25 May Blue sky or continuity?
I’ve been reading the comments attached to the recent survey on the mission statement. Generally people liked what we did (as you will see from the analysis in the previous post), but the comments, both positive and negative, were very interesting and worth reflection. They will all end up in our reference folders and be looked at as we go forward. Right away I can see some phrases and statements which will be helpful in formulating the mission statement definitions and guiding principles for the school, and others which again flag up areas of concern. For example: “Rather than spending so much time on creating an excellent mission statement, we should concentrate on creating an excellent school”. Many people, of course, reckon that the two activities are strongly linked; an organization that is unclear about its character and mission is not one which will achieve excellence.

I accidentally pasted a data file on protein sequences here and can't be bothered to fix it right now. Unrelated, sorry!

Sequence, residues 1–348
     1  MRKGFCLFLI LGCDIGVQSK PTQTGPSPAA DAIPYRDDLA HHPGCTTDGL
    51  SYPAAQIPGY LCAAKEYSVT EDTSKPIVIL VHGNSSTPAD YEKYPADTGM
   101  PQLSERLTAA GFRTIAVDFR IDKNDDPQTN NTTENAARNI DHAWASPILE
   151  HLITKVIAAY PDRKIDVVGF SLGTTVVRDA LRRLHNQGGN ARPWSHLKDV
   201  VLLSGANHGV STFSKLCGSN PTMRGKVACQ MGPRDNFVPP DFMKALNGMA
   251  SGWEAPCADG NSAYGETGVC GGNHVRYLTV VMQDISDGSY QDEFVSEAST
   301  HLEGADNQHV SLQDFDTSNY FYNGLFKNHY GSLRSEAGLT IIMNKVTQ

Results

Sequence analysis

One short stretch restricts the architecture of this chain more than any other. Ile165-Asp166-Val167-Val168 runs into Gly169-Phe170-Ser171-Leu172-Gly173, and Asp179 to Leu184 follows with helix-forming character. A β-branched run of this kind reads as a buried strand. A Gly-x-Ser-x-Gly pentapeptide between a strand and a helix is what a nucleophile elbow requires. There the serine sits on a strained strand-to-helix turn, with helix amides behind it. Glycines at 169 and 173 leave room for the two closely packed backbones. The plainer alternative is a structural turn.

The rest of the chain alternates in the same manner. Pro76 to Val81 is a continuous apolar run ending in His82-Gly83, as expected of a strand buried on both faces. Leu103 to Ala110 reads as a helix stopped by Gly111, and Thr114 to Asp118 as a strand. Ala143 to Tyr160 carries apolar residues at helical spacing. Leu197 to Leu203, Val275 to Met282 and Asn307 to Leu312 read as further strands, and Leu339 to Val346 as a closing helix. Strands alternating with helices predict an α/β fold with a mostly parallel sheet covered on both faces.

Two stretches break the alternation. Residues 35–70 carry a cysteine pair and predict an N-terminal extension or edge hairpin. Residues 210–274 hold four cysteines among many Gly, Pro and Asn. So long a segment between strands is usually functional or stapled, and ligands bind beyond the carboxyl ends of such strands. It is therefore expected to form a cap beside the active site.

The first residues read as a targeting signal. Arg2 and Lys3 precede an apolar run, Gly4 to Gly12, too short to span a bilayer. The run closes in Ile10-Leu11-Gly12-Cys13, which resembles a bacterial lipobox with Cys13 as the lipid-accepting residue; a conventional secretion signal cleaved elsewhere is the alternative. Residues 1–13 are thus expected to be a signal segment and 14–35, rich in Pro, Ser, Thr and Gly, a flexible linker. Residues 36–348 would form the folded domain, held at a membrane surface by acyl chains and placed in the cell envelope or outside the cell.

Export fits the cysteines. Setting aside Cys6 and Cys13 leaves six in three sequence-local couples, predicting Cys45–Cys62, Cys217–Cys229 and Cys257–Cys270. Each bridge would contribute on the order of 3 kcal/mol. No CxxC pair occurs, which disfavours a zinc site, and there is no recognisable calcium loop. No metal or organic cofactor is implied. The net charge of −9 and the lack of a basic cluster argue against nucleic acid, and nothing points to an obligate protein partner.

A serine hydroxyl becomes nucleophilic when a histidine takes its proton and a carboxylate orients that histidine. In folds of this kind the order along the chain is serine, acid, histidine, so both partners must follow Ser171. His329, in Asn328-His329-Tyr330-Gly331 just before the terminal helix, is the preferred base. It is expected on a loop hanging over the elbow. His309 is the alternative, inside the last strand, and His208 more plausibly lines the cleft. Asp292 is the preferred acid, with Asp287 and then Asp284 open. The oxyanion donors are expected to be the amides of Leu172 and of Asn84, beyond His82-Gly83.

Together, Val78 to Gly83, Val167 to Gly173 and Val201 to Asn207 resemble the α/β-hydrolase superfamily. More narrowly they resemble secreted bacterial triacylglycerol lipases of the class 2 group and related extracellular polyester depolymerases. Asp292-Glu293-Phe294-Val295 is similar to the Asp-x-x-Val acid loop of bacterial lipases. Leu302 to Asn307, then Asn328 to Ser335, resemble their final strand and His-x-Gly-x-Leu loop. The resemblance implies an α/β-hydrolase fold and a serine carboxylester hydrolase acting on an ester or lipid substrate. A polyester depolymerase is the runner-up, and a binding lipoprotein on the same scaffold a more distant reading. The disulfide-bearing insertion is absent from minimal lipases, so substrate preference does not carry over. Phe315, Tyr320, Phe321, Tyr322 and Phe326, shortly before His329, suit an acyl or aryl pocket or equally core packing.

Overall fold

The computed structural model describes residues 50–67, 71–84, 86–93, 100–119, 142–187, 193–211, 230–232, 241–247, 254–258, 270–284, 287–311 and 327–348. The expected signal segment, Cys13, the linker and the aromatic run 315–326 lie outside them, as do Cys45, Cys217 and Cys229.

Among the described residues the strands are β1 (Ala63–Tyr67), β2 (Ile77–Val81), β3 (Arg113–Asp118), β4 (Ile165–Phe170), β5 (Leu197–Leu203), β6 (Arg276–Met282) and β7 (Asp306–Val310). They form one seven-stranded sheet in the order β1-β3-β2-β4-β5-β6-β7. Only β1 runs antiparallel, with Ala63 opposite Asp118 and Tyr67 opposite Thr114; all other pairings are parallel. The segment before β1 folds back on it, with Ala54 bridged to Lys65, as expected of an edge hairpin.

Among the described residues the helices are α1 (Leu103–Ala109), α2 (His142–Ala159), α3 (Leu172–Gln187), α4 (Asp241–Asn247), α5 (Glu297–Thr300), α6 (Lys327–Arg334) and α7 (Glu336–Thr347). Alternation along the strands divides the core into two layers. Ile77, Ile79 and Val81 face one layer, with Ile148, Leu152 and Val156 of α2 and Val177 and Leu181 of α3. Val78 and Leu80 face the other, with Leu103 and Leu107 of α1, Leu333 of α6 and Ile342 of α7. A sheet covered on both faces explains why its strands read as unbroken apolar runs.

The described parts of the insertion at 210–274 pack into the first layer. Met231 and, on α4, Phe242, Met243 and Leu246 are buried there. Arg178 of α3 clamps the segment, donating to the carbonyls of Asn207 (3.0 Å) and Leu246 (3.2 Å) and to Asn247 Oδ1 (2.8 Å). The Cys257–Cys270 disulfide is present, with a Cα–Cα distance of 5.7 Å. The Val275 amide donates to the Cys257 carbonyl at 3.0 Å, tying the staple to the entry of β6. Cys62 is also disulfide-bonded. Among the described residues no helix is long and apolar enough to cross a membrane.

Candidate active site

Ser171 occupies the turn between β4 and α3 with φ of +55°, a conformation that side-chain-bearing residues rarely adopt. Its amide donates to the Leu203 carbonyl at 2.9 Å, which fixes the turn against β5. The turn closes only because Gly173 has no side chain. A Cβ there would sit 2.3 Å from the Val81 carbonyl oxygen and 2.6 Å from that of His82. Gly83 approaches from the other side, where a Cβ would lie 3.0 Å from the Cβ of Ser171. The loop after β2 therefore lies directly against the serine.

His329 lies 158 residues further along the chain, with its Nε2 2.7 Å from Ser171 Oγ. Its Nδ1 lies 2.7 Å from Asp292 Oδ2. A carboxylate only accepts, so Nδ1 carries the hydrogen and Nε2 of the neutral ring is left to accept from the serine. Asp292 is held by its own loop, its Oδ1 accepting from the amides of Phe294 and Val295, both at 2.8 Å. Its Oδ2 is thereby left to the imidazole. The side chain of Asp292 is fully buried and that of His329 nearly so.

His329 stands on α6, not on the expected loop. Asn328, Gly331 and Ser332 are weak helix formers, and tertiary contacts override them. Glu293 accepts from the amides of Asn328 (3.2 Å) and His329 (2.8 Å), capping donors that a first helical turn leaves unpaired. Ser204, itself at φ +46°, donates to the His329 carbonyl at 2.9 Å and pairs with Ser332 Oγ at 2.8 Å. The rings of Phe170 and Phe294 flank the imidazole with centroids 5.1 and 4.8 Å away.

But the comment that made me think was the one that said we should have started with a blank sheet of paper, not a proposition. Ask everyone connected with Woodstock to send a sentence about the school’s mission, then sift through them for commonalities. That’s a fair point, and an oft-used method to generate consensus. It’s actually what we did in 2003, last time we worked through this exercise, and I’ve done that in other contexts and in a previous life. However, I think that’s a flawed approach at this point in Woodstock’s life. We happen to be here, a random group of people at a certain time in the history of the school, and we have to both understand our continuities, our roots, if you will, as well as discerning what Woodstock should be in the world today and in the next generation. We don’t have the right to rethink from ground zero. We must recognize what are the solid foundations on which we are building, the “rock from which we are hewn”. It’s true that, most probably, as we saw in 2003, there is such a strong culture at Woodstock that those foundations and commonalities would emerge, but there is a certain instability, also, about an organization which needs frequently to go back and start from scratch. Surely after 157 years we know who we are?